I have a permanent ileosotmy and pop in from time to time to offer advice on ostomies.
My own opinion is that it is wise to be cautious with some particular foods with a loop or end ileostomy. The diameter of the working stoma is small, about 1”, and is anchored in place with stitches. This limits the expandability of the stoma if digested food material should form a sizeable “clump” or bolus as it tries to exit the stoma.
Foods to consume with a degree of caution:
A. Citrus fruits. It is the fibrous membrane coverings that can wreck havoc as the membrane material can bind together in the digestive tract. It is best to section away the fibrous membranes that section oranges and grapefruits, for example.
B. Foods high in insoluble fiber. Insoluble fiber is the fiber that is not easily broken down by chewing nor by the action of digestive enzymes. Foods to avoid or to eat in only a small quantity would include pineapple, celery, mushrooms, pop corn/pop corn husks, asparagus, kale, edamemte, coconut.
The wafer of an ostomy pouching system adheres/bonds to the skin through a heat-activate reaction between the composite of a wafer and the skin. Body heat is the mechanism that bonds a wafer to the skin (wafers are a composite of pectin, elastic polymers, and a hydrocolloid matrix).
Pre-heating a wafer using a hand-held hairdryer or heating pad is a good way to enhance the adhesion of a wafer to the skin. Likewise, a heating pad can be used after application of the wafer to the skin to enhance or secure the adhesion/bond.
There are oodles and oodles of ostomy products to choose from. It your father is bothered by continued leaks, it can be helpful to have a 1:1 consultation with an ostomy nurse to pursue different manufacturer products. Finding the best ostomy pouching system for any one person is an individual process of requesting samples and trial and error. It is well worth the time andeffort. Finding the optimal ostomy pouching system provides psychological peace of mind and minimizes the occurrence of leaks and distress.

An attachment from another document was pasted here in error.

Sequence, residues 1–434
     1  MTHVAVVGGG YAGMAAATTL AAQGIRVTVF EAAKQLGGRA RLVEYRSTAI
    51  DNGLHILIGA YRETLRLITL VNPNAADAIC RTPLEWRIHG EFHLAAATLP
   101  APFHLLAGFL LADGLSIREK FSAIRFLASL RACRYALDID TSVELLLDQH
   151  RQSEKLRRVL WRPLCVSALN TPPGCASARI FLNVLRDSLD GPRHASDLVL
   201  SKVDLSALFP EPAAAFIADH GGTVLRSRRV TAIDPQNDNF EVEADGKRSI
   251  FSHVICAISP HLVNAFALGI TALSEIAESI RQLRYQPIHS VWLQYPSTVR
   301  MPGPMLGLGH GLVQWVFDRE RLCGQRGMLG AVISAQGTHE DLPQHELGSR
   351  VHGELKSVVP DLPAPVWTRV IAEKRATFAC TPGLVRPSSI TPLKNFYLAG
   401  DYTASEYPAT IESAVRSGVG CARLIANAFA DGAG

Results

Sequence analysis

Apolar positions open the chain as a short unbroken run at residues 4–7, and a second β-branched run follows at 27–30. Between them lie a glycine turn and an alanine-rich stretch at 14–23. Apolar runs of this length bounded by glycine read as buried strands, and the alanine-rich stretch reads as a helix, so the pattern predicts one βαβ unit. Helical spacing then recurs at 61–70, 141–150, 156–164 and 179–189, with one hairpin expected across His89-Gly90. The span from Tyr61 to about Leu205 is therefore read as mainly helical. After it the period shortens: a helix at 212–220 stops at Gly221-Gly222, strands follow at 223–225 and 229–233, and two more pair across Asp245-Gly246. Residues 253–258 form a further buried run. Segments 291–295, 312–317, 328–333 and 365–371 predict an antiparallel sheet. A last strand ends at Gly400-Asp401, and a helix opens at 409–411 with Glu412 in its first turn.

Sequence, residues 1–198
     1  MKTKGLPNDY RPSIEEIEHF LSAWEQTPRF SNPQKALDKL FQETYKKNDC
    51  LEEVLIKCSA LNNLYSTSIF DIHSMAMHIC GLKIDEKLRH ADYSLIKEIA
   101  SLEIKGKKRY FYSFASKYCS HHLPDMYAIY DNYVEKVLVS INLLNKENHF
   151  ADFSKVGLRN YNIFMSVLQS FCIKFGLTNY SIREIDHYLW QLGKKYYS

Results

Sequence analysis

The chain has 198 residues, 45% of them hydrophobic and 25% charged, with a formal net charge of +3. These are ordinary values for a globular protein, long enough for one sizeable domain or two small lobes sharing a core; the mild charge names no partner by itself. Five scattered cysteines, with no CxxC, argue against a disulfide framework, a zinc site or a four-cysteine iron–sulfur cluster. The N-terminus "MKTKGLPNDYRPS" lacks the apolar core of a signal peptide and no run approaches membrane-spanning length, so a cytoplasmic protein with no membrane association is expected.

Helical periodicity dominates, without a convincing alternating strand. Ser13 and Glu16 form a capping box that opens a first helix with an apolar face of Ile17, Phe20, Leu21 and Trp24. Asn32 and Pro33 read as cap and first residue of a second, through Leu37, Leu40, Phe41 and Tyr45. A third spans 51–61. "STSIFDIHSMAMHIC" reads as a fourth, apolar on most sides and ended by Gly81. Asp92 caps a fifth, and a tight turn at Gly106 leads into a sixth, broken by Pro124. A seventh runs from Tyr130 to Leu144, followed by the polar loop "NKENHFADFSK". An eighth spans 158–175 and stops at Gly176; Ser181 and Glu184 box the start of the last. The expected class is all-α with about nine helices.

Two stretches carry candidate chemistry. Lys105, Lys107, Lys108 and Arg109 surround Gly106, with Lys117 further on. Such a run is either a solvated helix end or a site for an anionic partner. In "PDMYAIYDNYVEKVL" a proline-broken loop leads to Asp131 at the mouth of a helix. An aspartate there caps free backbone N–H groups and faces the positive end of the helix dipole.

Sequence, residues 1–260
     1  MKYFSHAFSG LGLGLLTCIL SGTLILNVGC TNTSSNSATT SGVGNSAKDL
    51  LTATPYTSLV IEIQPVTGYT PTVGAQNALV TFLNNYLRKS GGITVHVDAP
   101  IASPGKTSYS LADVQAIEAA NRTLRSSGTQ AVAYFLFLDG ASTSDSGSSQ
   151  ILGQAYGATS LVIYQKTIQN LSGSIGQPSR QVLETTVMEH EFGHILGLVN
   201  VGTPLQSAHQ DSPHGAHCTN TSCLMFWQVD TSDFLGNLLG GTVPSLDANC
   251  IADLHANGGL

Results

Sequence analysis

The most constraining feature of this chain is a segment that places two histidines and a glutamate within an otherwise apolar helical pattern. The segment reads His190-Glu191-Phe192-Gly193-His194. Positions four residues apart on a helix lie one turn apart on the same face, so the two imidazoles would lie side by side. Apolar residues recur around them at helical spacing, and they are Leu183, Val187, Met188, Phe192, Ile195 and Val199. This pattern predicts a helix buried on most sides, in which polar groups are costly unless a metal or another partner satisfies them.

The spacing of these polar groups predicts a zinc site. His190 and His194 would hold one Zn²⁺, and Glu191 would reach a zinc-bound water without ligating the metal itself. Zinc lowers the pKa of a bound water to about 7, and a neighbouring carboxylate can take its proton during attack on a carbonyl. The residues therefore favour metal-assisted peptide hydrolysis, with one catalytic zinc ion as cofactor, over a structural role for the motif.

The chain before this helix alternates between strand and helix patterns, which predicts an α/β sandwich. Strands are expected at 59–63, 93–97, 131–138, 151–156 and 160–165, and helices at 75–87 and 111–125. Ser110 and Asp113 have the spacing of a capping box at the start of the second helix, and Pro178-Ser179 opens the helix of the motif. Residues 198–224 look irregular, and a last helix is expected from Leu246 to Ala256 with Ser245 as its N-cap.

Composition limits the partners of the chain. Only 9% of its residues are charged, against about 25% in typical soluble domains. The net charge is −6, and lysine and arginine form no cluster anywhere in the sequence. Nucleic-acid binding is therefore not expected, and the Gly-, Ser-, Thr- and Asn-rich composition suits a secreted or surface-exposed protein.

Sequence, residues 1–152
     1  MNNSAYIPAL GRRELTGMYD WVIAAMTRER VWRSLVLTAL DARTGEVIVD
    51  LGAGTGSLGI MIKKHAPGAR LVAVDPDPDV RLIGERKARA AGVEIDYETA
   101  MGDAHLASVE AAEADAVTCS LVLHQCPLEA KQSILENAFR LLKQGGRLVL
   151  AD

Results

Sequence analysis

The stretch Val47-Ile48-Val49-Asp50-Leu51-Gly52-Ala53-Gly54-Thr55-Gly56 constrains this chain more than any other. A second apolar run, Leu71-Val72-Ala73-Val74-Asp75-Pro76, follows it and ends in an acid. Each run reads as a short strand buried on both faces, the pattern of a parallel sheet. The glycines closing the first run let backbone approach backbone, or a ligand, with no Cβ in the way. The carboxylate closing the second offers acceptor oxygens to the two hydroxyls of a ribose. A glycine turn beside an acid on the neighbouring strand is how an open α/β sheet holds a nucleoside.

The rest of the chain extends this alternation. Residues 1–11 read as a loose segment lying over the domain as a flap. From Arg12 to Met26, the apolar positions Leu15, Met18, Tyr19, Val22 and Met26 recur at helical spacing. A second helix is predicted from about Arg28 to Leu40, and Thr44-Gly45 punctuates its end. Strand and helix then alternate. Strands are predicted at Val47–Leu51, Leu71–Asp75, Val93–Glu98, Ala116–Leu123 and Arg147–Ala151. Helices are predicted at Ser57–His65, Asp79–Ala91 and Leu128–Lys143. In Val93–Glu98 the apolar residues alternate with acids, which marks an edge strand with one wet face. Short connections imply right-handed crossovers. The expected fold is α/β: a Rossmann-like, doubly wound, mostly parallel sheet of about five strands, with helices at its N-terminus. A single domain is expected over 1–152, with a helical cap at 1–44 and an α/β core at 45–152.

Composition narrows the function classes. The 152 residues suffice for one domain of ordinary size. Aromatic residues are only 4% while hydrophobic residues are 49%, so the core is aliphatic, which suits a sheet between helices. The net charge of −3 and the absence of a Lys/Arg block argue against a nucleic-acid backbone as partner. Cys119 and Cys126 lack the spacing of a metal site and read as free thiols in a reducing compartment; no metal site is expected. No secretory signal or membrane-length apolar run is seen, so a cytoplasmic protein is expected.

Feel free to visit the United Ostomy Association of America website. The UOAA offers a wide range of informative PDFs on ostomy care and living with an ostomy, as well as contact information for each of the product manufacturers to request samples. http://www.uoaa.org
The UOAA forum has one member who is an occupational therapist by profession (online name OTDave). He often offers advice to people who have hand dexterity issues or rheumatoid arthritis that affects the fingers/hand.
Best wishes to your father in his healing and recovery,
Dear friend to Bella Piazza, former Colon Club member (NWGirl).
I have a permanent ileostomy and offer advice on living with an ostomy - in loving remembrance of Bella
I am on Palliative Care for broad endocrine failure + Addison's disease + osteonecrosis of both hips/jaw + immunosuppression. I live a simple life due to frail health.